Opening with the impossible confidence of ‘Johnny Was’, Paris’ own Juliette Jules immediately shows off her abilities as a young singer-songwriter. Perfectly matching sparkling piano and shuffling drums with Jules’ spectacular voice, it’s clear that this is a musician deserving of great things. Sounding like Lana Del Rey with a sense of humour, she carries a tone to her voice vastly beyond her young years, and her voice bears the potential to excite the listener with the potential to be found as she develops further.
Stream the EP, due May 23rd, in full::
https://soundcloud.com/juliettejules/sets/black-crow-ep and Bandcamp:
Title track, ‘Black Crow’ is a stripped back piece, using a single guitar and long drawn out strings to form a backdrop for the lonely, melancholic vocals, before a piano arrives to offer a sense of companionship. As the track develops, so does Jules’ voice, reaching high like the song’s eponymous crow flying high towards the clouds.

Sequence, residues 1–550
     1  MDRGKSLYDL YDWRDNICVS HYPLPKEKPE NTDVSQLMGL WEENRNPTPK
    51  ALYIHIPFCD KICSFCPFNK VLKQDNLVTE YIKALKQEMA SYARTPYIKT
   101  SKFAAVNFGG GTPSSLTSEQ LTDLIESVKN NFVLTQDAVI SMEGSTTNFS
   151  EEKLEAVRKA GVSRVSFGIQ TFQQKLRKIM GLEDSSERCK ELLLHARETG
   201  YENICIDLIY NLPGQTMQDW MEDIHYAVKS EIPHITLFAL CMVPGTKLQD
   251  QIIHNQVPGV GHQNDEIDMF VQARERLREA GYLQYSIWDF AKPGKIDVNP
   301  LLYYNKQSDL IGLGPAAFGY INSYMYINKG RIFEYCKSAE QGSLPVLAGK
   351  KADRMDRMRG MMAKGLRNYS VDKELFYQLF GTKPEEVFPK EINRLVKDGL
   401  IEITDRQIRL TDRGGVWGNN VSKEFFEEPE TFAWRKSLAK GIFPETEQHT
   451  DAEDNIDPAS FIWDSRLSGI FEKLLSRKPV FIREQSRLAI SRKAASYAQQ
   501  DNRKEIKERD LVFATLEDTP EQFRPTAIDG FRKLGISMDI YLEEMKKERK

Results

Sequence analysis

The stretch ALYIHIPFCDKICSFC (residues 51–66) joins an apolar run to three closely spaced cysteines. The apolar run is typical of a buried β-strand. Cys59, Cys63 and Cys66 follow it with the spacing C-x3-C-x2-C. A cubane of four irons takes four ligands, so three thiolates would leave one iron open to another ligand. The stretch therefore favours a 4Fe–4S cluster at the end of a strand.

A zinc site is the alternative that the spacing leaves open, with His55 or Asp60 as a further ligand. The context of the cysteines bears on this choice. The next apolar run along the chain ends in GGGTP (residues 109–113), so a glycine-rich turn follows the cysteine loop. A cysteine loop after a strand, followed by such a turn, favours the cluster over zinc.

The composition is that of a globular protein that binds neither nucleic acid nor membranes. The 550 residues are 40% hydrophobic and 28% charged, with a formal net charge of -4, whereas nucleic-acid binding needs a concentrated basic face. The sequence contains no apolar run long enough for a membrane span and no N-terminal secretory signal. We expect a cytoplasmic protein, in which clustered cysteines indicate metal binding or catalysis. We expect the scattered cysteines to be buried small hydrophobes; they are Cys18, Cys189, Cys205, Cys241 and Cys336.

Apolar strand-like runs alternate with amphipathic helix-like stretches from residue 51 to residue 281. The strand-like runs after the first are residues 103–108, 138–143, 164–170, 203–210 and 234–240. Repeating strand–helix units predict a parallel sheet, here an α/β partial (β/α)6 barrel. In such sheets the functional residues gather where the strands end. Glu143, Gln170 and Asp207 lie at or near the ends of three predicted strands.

‘The Game’ carries more swagger and sway, lolloping along like a chopped up sea shanty, with the feeling of classic folk that leans towards Beth Orton’s early work. The cover of ‘Hallelujah’ feels, sadly, rushed and uninspired – lazy, even. It’s a shame because it’s a classic track and the choice to use it is entirely understandable as a seminal tune that has been covered so many times.
At points Juliette Jules’ voice has a touch of Bjork, with clipped vowels and little vocal idiosyncrasies here and there. Closing with ‘To The Mountains’, the Black Crow EP draws once more on the sparse beauty it opened with – a vast, dark synth looms in the background, while other instruments dart in and out of the mix. Jules’ voice is as confident as it was at the start, always composed and controlled despite at times sounding as if it might just crack at any moment.
This is not a release to be missed this year.
By: Chris Marsh